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December 2020, Volume 66, No. 4

Sep 8th, 2020

Civil War History Vol. 66 No. 4 cover image

Abstracts

Mississippi “Milish”:  Militiamen in the Civil War
by Tracy L. Barnett

This article explores the numerous Southern men who served in state militias during the American Civil War. In contrast to youthful, unmarried Confederate soldiers, militiamen tended to be married men in their thirties and forties. Given their family situations and generational status, these middle-aged men had household duties and careers attaching them their local communities. Civilians rarely accused them—having already proved themselves as worthy citizens, honorable patriarchs, and essential community members—of cowardliness or disloyalty. Rather, these men’s local and household roles determined their wartime function. Based on age, fitness, family situation, and community obligation, Mississippians held variable conceptions of duty, honor, and loyalty. In turn, middle-aged militiamen eschewed Confederate service and instead held localized concepts of their wartime roles.

Locating Patriotism in Civil War Songs
by James A. Davis

Patriotism requires a locus of identity, something toward which a community’s loyalty can be directed with some measure of confidence and sustainability. This was a particular challenge during the American Civil War. A shared cultural heritage and ill-defined borders made it difficult to delineate between the Union and the Confederacy in many ways, while stubborn regional loyalties and competing internal agendas made political and emotional unity a challenge for both countries. Despite these impediments, certain Civil War songs succeeded as patriotic anthems to such a degree that they remain icons today. A close look at songs such as “The Bonnie Blue Flag,” “Maryland, My Maryland,” “Dixie’s Land,” “Battle Hymn of the Republic,” and “Yankee Doodle” reveals that during the American Civil War patriotic music constructed multivalent nationalistic spaces instead of referencing determinate geopolitical places. Combining locationally suggestive yet indistinct lyrics with likeable melodies, certain notable pieces generated ambiguous although substantive emotional and conceptual focal points. To be effective, these spaces had to be locatable and definable, even as they occupied a gray area around the tangible places and explicit ideas encountered in daily life. The songs discussed in this article succeeded by avoiding specificity in favor of abstractions that allowed them to serve diverse populations with common cause. They might provide a metaphoric substitute for a failed cause, describe an endearing fantasy realm, or realign past places to suit present needs. Each of these examples illustrates how strong regional loyalty and an adolescent national identity necessitated patriotic music fluid enough to adapt to ever-changing notions of nation, state and country during the American Civil War.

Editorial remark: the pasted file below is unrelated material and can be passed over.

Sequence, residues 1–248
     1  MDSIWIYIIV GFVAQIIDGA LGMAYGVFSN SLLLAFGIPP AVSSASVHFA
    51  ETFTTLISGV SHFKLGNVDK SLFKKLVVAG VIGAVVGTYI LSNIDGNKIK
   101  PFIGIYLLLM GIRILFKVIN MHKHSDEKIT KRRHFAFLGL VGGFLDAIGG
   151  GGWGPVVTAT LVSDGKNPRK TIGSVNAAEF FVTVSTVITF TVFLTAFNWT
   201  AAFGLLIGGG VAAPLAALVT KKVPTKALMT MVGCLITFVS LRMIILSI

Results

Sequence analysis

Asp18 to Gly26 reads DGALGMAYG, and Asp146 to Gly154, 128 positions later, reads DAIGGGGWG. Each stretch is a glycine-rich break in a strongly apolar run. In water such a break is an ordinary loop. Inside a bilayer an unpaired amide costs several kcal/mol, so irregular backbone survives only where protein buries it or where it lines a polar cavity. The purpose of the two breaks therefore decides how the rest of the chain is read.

Contributors

Tracy L. Barnett is a doctoral student at the University of Georgia. She is currently completing her dissertation, “Men and Their Guns: The Culture of Self-Deputized Manhood in the South, 1850–1877.”

James A. Davis is professor of musicology at the School of Music, State University of New York at Fredonia. His research focuses on American military music and musicians of the nineteenth century. His publications include Music along the Rapidan: Civil War Soldiers, Music, and Community during Winter Quarters, Virginia (2014) and Maryland, My Maryland: Music and Patriotism during the American Civil War (2019).

Reviews

Book Reviews

Rosenthal, Caitlin.  Accounting for Slavery:  Masters and Management.  Reviewed by Ben Davidson.

Fox-Amato, Matthew. Exposing Slavery:  Photography, Human Bondage, and the Birth of Modern Visual Politics. Reviewed by John Brooke.

Mauldin, Erin Stewart.  Unredeemed Land:  An Environmental History of the Civil War and Emancipation in the Cotton South.  Reviewed by John Martin McMillan.

Levin, Kevin M.  Searching for Black Confederates:  The Civil War’s Most Persistent Myth. Reviewed by James G. Mendez.

Ash, Stephen V. Rebel Richmond:  Life and Death in the Confederate Capital. Reviewed by Tracy L. Barnett.

Stowe, Steven M. Keep the Days:  Reading the Civil War Diaries of Southern Women.   Reviewed by Holly M. Kent.

Broomhall, James J. Private Confederacies:  The Emotional Worlds of Southern Men as Citizens and Soldiers.  Reviewed by Thomas J. Balcerski.

Brown, Thomas J. Civil War Monuments and the Militarization of America. Reviewed by William B. Lees.